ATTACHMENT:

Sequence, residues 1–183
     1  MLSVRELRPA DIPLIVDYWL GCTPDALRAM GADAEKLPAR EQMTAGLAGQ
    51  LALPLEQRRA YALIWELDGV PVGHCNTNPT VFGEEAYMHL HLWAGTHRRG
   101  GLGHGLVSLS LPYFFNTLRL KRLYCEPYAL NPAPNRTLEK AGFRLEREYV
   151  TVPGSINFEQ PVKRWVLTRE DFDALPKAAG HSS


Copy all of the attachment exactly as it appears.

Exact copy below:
Sequence, residues 1–183
     1  MLSVRELRPA DIPLIVDYWL GCTPDALRAM GADAEKLPAR EQMTAGLAGQ
    51  LALPLEQRRA YALIWELDGV PVGHCNTNPT VFGEEAYMHL HLWAGTHRRG
   101  GLGHGLVSLS LPYFFNTLRL KRLYCEPYAL NPAPNRTLEK AGFRLEREYV
   151  TVPGSINFEQ PVKRWVLTRE DFDALPKAAG HSS